Amidst Covid-19, an oil price war and financial market chaos, the CSIR (Council for Scientific and Industrial Research) has updated its data on load shedding. By Friday 13 March 2020, South Africa had already experienced 88% of the load shedding that it endured in the whole of 2019. I will write it again: 11 weeks into 2020, South Africa has experienced 88% of all the load shedding it endured in the 52 weeks of 2019.
AN ANIMAL CALLED EAF (ENERGY AVAILABILITY FACTOR)
The reason for Eskom’s insufficient supply is the poor performance of its plant as measured by EAF – a measurement of how efficient Eskom’s power stations are. This has declined from over 88% in 2000 to 67% in 2019. The CSIR expects it to decline further to 64%. (There was a brief period in January when it was sitting at 61%.)
The IRP (Integrated Resource Plan), which is the Holy Grail of energy planning, assumes an EAF of 75%. Eskom’s own forward planning assumes an EAF of more than 70%. It is certain that none of these 70%+ figures will be reached, primarily for two reasons.
Firstly, more than 50% of the power stations are now 37 years old and have been poorly maintained. Old equipment poorly maintained cannot deliver high EAFs.
Secondly, there are serious design faults with both Medupi and Kusile, preventing these two plants from operating at capacity. Eskom CEO Andre De Ruyter has revealed that boilers at both Medupi and Kusile must be modified by adding 12,5 metres to their height to reduce exhaust steam temperatures. The boilers are currently 130 metres tall and the temperature of the exhaust steam is 128°C, which is too hot and damages the equipment. The units can therefore not be run at full capacity. Each of the 12 generating units at Medupi and Kusile will have to be switched off for 75 days to add the 12,5 metres – that is 900 days of being switched off!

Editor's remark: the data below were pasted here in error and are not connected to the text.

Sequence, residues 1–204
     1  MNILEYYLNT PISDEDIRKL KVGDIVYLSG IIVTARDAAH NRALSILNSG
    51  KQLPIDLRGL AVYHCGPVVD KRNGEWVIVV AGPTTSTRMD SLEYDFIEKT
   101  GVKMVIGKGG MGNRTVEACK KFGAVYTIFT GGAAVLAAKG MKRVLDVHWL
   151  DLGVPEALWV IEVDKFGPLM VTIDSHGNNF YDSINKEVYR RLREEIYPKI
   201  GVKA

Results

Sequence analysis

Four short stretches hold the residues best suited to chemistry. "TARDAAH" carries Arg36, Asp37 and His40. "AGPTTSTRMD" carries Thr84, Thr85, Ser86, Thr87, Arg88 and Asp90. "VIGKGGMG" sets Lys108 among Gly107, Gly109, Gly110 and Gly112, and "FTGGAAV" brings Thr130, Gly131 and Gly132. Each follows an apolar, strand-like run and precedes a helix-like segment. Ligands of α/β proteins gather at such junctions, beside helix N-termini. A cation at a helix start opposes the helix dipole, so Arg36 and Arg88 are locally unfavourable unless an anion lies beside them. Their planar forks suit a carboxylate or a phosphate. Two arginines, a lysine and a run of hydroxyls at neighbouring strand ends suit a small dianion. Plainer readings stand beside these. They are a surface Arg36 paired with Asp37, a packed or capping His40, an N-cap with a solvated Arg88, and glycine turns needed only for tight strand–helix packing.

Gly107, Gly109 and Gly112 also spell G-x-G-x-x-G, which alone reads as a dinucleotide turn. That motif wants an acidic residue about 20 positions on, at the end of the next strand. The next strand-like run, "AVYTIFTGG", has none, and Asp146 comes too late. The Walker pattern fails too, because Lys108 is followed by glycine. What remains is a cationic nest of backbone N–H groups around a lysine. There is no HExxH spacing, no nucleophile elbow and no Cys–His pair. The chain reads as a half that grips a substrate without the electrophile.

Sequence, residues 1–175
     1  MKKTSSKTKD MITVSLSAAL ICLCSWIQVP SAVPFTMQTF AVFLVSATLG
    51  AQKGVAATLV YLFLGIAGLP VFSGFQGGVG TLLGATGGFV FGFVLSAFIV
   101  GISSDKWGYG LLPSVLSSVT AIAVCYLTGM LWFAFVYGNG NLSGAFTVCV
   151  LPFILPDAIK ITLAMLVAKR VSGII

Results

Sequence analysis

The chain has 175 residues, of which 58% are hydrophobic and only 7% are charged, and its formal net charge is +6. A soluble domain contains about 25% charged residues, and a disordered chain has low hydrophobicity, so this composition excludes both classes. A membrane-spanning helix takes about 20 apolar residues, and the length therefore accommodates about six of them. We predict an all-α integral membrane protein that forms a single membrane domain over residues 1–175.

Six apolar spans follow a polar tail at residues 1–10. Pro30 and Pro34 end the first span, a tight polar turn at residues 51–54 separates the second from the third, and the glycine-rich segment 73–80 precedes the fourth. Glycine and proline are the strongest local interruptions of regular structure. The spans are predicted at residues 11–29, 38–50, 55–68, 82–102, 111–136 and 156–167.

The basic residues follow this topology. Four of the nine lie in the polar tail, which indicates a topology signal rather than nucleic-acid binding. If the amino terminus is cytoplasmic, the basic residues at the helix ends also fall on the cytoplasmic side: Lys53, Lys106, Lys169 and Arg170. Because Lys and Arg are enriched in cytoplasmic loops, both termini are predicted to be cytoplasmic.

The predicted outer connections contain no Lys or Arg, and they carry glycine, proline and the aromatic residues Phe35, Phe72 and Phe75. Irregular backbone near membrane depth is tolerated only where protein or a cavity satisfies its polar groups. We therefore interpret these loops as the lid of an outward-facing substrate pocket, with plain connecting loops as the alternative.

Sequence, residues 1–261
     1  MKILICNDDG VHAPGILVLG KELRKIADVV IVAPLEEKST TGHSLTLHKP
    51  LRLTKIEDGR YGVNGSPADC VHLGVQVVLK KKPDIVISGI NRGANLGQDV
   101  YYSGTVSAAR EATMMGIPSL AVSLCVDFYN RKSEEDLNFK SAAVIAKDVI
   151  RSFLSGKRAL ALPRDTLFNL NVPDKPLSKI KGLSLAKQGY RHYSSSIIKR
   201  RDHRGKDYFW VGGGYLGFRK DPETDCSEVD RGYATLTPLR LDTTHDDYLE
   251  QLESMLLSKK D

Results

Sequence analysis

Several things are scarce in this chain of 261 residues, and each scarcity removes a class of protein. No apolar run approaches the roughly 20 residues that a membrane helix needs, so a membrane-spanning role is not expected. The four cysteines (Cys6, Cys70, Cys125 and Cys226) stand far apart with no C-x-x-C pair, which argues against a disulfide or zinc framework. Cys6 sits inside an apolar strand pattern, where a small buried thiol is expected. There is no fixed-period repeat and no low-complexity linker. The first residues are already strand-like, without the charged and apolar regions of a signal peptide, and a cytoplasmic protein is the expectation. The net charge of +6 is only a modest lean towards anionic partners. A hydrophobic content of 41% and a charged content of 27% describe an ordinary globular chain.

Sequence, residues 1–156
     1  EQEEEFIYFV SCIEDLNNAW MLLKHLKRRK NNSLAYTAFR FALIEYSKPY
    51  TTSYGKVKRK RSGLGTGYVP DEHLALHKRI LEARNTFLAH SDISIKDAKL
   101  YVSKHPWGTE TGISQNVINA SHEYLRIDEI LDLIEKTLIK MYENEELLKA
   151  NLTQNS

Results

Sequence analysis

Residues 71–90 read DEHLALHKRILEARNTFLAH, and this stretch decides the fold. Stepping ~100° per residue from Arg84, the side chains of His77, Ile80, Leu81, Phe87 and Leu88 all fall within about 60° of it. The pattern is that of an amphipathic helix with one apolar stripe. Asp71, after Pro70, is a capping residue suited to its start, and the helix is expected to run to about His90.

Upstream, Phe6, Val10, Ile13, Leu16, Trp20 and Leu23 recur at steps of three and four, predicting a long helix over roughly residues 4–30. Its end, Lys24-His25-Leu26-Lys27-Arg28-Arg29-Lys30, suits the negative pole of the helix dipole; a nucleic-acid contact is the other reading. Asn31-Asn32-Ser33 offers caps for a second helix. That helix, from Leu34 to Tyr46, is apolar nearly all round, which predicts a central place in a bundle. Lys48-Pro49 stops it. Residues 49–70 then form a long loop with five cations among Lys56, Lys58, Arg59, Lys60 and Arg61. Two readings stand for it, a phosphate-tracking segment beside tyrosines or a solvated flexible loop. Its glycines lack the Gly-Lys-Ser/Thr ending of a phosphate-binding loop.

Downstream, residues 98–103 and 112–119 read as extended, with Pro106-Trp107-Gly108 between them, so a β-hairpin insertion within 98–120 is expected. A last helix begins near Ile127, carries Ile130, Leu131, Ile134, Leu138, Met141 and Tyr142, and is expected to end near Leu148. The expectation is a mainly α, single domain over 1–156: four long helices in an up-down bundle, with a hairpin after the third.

Poor quality coal also affects the EAF.
To improve its EAF, Eskom has adopted a ‘philosophy maintenance’ policy. The programme involves regular maintenance and refurbishment of equipment as prescribed by the original equipment manufacturers.
Ironically, more maintenance means more load shedding. Plants must be switched off to be maintained. De Ruyter therefore warned that load shedding will be with us for at least 18 months. He also warned that the maintenance programme must be supported (ie load shedding endured) or the country can expect regular load shedding of 8 000 MW (stage 8) by mid-2021 due to a further declining EAF.
Some electricity commentators are more sceptical than De Ruyter and allege that load shedding will ‘carry on for five years’. The CSIR says it can take two to three years to end load shedding, depending on what decisions are taken (my emphasis). Those decisions relate to investment and the way the country organises its electricity industry.
NEW CAPACITY AND A NEW WAY OF DOING THINGS
The only permanent answer to load shedding is new investment in new capacity. That, in turn, requires a wholesale re-organisation of the electricity industry in South Africa.
In what is probably its most important political decision to date, the Ramaphosa government (in power for 25 months this past weekend) has chosen exactly those options − new investment and reorganisation. The relevant policies were published in October 2019 already and reiterated by the President in December – regrettably most people missed it.
The government’s energy plan, the IRP, envisages that 30 000 MW of new capacity will be procured by 2030, and 11 000 MW of old Eskom capacity will be closed. Nearly half of the new capacity (48%) will come from wind, 20% from solar, 10% from gas, and the balance from hydro, storage and coal. After December’s stage 6 load shedding it was decided that a further 2 000 MW of emergency power will be procured, pushing the total to 32 000 MW.
Also published in October was the Eskom roadmap, which confirmed the break-up of Eskom into three entities:generation, transmission and distribution. In February, Minister of Mineral Resources and Energy Gwede Mantashe,who is significantly also ANC chairman and an ex-unionist, declared, ‘There is no fight over that now, we all agree that there will be generation, transmission and distribution, each with its own board...’. The deadline for establishing the boards is 31 March.
The consequences of these policy changes are huge.
Firstly, it means more investment. To date, 6 000 MW has been procured from independent power producers. That brought investment of R220 billion (42% of which came from foreigners). If 6 000 MW brough